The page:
Condi Rice: The Jordan Valley has to be part of Palestinian state.
    SE: I don?t feel protected by this approach.
    CR: What don?t you feel protected by?
    SE: Where is Jerusalem? If this document is leaked…
    CR: You think that they will leak that the basis is 1967? Or that they are thinking about a third party?
    DW: Or that this is our understanding of where you are? That is a vulnerability for both.
    CR: We need to have trust in this process.

    The Palestine Papers reveal that, in the months after the Annapolis conference, Condoleezza Rice, the then-US secretary of state, explicitly endorsed using 1967 borders as a baseline for negotiations. On July 16, 2008, she tells Erekat and Ahmed Qurei that any proposed land swaps should use 1967 as a reference.

    Again Condi Rice with the

    Condi Rice minutes: “Bilateral work and then on regional security threats.
    On territory, I think that you agree that the base is all the territory occupied in 1967. We said this many times in all of our presence. We need to write it down. Even if it is not public. This means, of course, about Jerusalem, the NML, the Jordan Valley.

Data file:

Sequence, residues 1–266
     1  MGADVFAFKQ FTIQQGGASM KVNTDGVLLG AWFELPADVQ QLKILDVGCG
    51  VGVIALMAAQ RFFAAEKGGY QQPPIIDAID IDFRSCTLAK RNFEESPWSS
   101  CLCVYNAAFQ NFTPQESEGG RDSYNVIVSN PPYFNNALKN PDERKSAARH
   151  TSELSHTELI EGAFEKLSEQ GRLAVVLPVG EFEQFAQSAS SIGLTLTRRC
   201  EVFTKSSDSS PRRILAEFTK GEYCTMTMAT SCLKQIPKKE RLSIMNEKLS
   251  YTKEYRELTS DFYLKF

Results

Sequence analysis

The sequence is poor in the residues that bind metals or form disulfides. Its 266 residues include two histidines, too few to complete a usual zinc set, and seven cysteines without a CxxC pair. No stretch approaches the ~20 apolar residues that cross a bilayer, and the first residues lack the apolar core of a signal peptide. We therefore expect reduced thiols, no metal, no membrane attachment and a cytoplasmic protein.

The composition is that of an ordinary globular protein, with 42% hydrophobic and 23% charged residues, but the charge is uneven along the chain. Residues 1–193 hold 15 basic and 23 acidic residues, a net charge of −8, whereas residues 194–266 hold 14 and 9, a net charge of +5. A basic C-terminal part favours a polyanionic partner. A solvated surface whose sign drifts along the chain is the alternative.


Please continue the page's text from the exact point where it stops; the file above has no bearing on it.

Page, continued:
They will continue to say that they need special security arrangements in the Jordan valley.
    We agreed that the final border will reflect swaps that take into account the West Bank Gaza Strip corridor. It is not agreed if they will be one to one. Look at creative solutions about settlements to stay with Israel without hurting Palestinian viability.
    The Palestinian state will have international borders with Israel, Egypt, and Jordan, and sovereignty over its territory.
    If that is agreed, what does that leave to worry about?
    If that is the base, what percentage will Israel annex, and what will they give in return? And where? They want 7.3%, for 5%. The major settlement blocs. You have problems. One because of the aquifer. And one because it bisects the West Bank in half. You need to dissect these bilaterally.”
    Condi Rice: On territory, if we take as the base, everything that is occupied in 1967 ? you will find that their position on 7.3% is close. It may not be enough, but it is close. 7.3 ? 5 = 2.3%. Plus the corridor. If the goal is that Palestine should not lose territory, then you are a couple of percentage points away. I understand that Maale Adumim and Ariel ? Maybe it can get a little closer. I will advocate to them that it can get a little closer. But I hope that you won?t lose the chance at a Palestinian state by sticking to 1.9%. The President is committed to a Palestinian state ? viable, contiguous ? but also thinks that Israeli population centers must be taken into account.